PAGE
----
Why isn't the Kaufmann Diet in that list? Well, it's because Kaufmann is adaptable to anything else you may be attracted to. It simply asks that whatever else you do, just avoid high-mycotoxin foods, and foods that exacerbate fungal overgrowth. The rest is up to you!

 

It doesn't prescribe a specific number of calories because how could there possibly be a single "perfect" number of calories to account for every metabolism and body type out there?? Some people have a sluggish thyroid. Some have to gain weight. Some have to lose it. Some people truly can eat double the amount of food of other people, and still have trouble keeping weight on. Others are the opposite.

 

It doesn’t prescribe a specific number of protein, carbs, or fat grams for every single person. It’s impossible to create such a prescription for everyone because everyone is different.

 

Moreover, for some people, there are cultural, religious, or ethical reasons for eating the way they do. There's no reason to give that up in the name of a supposedly "perfect" diet. 


So…How Do I Begin?

The way we do it with Kaufmann is to simply eat from the Kaufmann-approved list of foods, and experiment with whatever combination you like. (If you're more of a "free style" foodie - and most people who have followed the Kaufmann Diet for years tend to be free-stylers - then keep doing what works.) 

 

If you don't know which version works for you yet, just start trying recipes from the cookbooks, and see how you do. I've been at this long enough to know that I do better when I keep the carbs in check, the protein high, and the calories moderate. Those are my adaptations. But yours may be far different. (I know a woman who has to eat much higher calories than I do, and many more "pseudograins" and carbs just to keep from wasting away! She tried my version of Kaufmann for two days before she realized it would be a disaster to keep going down that path. She knew by the way her body responded to it.)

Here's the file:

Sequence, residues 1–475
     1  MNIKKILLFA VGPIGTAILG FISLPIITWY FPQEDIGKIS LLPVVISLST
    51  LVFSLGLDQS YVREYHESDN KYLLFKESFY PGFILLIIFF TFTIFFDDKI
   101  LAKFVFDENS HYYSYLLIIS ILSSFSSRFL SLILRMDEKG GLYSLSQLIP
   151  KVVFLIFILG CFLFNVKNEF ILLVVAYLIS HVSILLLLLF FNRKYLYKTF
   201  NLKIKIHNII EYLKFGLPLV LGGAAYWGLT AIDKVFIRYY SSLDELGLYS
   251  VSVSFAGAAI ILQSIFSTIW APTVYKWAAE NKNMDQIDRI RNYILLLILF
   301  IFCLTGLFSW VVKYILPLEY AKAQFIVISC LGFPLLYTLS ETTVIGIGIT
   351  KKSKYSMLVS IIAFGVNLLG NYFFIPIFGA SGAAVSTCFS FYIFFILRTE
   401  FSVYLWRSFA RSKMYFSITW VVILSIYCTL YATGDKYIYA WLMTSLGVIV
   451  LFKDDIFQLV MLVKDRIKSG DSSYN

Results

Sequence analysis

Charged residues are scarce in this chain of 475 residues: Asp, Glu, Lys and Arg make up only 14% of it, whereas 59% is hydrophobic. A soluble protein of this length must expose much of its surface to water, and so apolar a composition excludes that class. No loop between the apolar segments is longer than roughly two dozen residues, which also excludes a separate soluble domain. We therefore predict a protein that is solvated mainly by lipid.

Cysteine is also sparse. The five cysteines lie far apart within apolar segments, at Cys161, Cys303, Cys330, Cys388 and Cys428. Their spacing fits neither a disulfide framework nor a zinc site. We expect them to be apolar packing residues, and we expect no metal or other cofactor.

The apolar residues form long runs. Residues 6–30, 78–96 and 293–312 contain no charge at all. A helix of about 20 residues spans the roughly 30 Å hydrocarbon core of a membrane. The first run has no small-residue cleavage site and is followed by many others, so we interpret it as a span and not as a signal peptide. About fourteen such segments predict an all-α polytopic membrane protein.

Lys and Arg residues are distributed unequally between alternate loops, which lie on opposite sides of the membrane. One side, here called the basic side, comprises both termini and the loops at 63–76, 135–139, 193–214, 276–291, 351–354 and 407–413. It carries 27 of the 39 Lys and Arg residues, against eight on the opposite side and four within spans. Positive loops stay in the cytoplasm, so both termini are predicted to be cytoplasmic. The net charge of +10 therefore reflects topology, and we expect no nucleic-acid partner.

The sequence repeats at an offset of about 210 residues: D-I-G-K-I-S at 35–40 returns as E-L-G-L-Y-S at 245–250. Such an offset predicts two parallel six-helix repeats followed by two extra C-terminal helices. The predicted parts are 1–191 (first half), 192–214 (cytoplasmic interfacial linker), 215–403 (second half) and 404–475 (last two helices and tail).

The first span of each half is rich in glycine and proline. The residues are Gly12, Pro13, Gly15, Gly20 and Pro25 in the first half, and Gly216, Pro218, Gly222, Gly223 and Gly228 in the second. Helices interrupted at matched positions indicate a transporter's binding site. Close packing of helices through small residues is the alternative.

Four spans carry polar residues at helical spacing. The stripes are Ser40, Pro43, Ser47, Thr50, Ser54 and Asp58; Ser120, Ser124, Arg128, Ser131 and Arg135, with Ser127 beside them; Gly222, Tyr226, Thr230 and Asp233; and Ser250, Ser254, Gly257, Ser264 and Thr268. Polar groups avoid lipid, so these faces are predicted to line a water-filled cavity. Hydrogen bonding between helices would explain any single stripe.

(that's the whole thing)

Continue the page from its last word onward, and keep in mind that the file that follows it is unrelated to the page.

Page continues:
This will be new for a lot of people. Most people have lost all sense of "cause and effect" between what they eat and how they feel. Maybe they've been on the Standard American Diet for so long and feel so awful that they’ve just become resigned to it. Others can be on a "perfect" diet for months before they realize they're languishing and not thriving. And though it does usually take a bit of time before you know how your body responds, it's important pay attention and be an active participant in your own recovery. 

 

It's also new to think in terms of varying and individualizing a diet. Most people I've worked with worry about variations, and would rather stick with just one plan. It's no fun doing that, but people have largely stopped thinking of diet in terms of fun. Instead, it's a robotic task they think they must endure. But it's time to bring the fun back. 

 

Play around with different calories, combinations, macro proportions, (protein, fat, and carb proportions), etc. There’s no such thing as failure when you're experimenting and determining which version of Kaufmann that's right for you. There's nothing better than being able to zero in on the perfect combination just for you. Professional athletes do this, and after a while, it's automatic. You can be creative when you know what works best for you. 

 

So, begin with a freestyle Kaufmann Diet plan and adjust as you go, or simply attach Kaufmann to whatever diet tendencies already work for you. Taking your diet it to the next level with a specific antifungal approach could be the difference between feeling good or feeling great.